Peter Criss Recalls His KISS Reunion

peter criss

“I went to a personal trainer, a blackbelt, and I’d have to get up at six o’clock in the morning. I hated this,” Criss laments. “I’d see this guy around seven thirty for about three hours. He was always, ’Give me 20 more pushups, 50 more sit-ups!’ I hated this man. My body ached so bad, if it wasn’t for Advil I couldn’t get out of bed. That’s how bad it was.”

But he wasn’t done. “After he’d finish up with me, I’d go to another place with just me and another drummer, lock the doors, and pound the drums for two more hours – just drums on drums – and then go to band rehearsal for six hours. Seven days a week. It was cruelty, but it put me in the best condition I’ve ever been in my whole life. All of us, we went to serious training and we rehearsed really hard. Nobody left that rehearsal until it was done. And the crew worked as desperately hard as we did.”

peter criss

The Catman Kit

Drums: DW
1. 22" x 18" Bass Drum
2. 14" x 6" Edge Snare
3. 8" x 5" Tom
4. 8" x 6" Tom
5. 8" x 7" Tom
6. 8" x 8" Tom
7. 15" x 13" Tom
8. 10" x 8" Tom
9. 12" x 9" Tom
10. 16" x 14" Floor Tom
11. 13" x 10" Tom
12. 18" x 16" Floor Tom
13. 14" x 11" Tom

Cymbals: A. Zildjian
A. 10" Splash (inverted)
B. 22" China Boy High
C. 18" Crash
D. 6" Zil Bell
E. 19" Crash
F. 14" Quickbeat Hi-Hats
G. 12" Splash
H. 22" Ride
I. 9-1/2" Zil Bell
J. 8" Splash (inverted)
K. 12" Splash (inverted)
L. 22" China Boy Low

Peter Criss also uses Drum Workshop hardware, Ahead sticks and gloves, ddrum electronics, LP percussion and Remo heads.

Despite the strict regimen, for the first time in his career, Criss had to face every drummer’s nightmare in the middle of the reunion tour – carpal tunnel syndrome. “When I developed carpal tunnel syndrome I saw a doctor in Chicago who works with the Bulls,” Criss says. “I’ve been wearing these special braces they’ve made for my hands. They’ve got this weird clay, I feel like a child, I’ve got to play with this clay every day and do these special stretches. I should have done this when I was a younger drummer. You’ve got to start when you’re young, because when you get older you feel it. It might not have gotten this far if I would have stretched, if I would have practiced on the pad before the shows. I used to see guys do that and think they were crazy. But I’ve realized that it’s something that drummers need to do.”

And the most harrowing night for Criss came during the reunion tour, when his drum tech had to sit in for him. “The pain was so bad that I just couldn’t play,” Criss sighs. “The place was packed, it was in Columbus, Georgia. There was something like 20,000 people, and it was too late to say adios or they would have destroyed the place. I had to make a really hard decision, it was the first time in my whole career I canceled because of something wrong with me. Once, years ago, I played with a broken hand and a cast and would put the stick into the cast and tape it and play. But I can’t afford to do that anymore.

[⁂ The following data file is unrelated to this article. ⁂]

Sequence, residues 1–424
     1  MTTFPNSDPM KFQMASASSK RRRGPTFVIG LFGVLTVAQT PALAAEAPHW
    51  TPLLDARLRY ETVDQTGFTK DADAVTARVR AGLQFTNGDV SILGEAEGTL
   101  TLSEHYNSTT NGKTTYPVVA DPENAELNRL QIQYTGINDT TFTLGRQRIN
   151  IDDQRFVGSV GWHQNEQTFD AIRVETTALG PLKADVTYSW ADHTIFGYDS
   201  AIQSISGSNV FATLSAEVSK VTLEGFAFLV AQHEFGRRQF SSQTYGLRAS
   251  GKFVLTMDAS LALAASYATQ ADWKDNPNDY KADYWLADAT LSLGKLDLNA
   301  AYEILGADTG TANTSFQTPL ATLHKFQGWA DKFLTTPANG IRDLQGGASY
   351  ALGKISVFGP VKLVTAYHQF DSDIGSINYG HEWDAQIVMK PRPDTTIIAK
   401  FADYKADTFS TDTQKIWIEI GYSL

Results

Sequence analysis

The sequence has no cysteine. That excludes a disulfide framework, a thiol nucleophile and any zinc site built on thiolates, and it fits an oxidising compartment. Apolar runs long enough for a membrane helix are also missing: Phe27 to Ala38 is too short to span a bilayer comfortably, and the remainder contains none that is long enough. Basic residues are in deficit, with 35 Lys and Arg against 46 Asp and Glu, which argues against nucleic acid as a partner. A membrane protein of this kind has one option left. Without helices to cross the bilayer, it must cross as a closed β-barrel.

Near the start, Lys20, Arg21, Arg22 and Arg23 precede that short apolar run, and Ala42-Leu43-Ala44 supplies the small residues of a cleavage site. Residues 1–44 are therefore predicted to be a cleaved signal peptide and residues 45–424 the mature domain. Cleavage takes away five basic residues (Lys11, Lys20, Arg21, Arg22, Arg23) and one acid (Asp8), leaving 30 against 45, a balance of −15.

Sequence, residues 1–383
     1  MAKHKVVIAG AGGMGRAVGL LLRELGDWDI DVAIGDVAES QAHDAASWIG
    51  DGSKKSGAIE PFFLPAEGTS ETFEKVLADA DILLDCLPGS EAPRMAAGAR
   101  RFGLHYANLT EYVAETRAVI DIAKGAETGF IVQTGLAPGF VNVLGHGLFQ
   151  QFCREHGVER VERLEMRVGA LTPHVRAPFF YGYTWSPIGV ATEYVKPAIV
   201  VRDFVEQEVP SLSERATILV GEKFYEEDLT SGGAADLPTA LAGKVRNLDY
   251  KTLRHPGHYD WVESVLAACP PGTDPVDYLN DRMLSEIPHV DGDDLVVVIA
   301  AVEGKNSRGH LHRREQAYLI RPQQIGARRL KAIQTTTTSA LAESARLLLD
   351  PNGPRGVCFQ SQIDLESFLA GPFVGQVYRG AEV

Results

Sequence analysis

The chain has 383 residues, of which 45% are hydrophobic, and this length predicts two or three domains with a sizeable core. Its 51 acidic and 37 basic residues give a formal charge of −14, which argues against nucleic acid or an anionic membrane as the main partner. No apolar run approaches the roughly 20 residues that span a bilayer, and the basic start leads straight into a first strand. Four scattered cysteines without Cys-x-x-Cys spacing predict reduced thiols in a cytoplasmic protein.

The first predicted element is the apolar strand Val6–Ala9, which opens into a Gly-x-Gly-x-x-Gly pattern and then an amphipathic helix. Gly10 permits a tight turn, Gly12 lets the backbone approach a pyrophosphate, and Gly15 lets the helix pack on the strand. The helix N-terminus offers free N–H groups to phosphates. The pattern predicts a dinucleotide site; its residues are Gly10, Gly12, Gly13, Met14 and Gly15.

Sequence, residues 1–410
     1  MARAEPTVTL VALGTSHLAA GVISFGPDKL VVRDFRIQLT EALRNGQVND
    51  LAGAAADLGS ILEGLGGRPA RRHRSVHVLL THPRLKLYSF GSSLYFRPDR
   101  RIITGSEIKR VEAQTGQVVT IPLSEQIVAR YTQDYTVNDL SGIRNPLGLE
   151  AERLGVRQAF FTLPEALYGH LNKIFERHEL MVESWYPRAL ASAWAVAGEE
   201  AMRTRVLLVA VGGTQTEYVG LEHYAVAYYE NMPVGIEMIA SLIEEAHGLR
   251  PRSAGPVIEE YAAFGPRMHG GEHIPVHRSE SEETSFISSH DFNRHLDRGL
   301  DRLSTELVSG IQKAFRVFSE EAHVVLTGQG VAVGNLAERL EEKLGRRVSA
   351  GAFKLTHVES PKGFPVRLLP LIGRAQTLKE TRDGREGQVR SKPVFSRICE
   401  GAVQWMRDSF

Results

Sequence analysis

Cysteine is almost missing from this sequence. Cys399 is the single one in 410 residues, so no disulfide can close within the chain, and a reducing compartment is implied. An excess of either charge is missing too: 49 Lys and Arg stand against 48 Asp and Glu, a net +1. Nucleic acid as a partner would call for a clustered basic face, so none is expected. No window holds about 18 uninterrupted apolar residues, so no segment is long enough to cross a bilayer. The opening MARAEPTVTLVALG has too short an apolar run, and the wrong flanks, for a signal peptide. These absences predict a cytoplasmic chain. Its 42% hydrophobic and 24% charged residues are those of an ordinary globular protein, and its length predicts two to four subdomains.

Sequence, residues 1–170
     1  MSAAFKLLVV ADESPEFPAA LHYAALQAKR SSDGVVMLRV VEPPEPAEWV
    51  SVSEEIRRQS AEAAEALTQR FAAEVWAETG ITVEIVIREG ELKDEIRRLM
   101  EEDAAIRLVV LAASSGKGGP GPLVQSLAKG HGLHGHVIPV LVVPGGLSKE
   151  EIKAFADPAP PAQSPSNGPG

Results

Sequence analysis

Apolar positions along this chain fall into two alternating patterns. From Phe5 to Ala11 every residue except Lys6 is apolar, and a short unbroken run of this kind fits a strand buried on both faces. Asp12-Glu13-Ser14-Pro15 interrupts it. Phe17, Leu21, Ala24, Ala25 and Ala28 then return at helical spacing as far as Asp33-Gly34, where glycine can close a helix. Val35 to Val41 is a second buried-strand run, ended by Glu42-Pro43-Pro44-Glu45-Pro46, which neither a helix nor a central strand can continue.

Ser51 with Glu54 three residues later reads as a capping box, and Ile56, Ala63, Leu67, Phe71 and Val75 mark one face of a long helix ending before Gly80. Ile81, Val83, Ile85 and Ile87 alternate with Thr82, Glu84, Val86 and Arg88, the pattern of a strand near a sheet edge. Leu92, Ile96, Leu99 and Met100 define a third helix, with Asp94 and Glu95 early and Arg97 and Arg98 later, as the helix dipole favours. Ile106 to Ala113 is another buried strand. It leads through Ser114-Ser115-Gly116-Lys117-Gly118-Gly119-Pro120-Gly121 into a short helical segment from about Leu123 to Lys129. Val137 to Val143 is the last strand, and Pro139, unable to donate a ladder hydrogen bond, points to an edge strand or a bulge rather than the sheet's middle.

“So my tech, Ed Kannon, sat in,” Criss says, “The band called him in and said, ’We’ve got good news and bad news. The good news is you’re going to play tonight, and the bad news is that Peter can’t.’ And he had to say yes or no. This guy’s been behind me for five years. So he sat in and he said it was the heaviest two hours of his life. He said he didn’t know how I did it, by the middle of the show he was already burned out.” Burned out or not, the show went on, and Criss was able to finish the tour with a strict warm up regimen and perhaps a more careful eye on the set list.

During the 1996—97 tour, KISS hammered through its backlog of hits, much to the delight of the hundreds of thousands of die-hard fans who attended the shows. Now, with the release of the band’s reunion album, Psycho Circus, the KISS army can look for the first collection of brand new material from the original lineup since 1980. “I’ve always thought that we hadn’t done our best album yet,” Criss says. “Now that we are really focused, and – I hate to say it, but – older guys, it’s time to do a really great album. We’re even all playing much better than we played as kids, and things have changed – studios have changed, drums changed, everything has gotten better and easier for us.”

With all the puzzle pieces back in place, Criss and the “hottest band in the world” are determined to once again give the best to the people who want the best. “We’re back,” he says. “This is scary. It was heavy at first, but I started getting comfortable with the idea that a lot of people were working for us. I’m very appreciative of it. I really thank God for giving me a second chance for this.”

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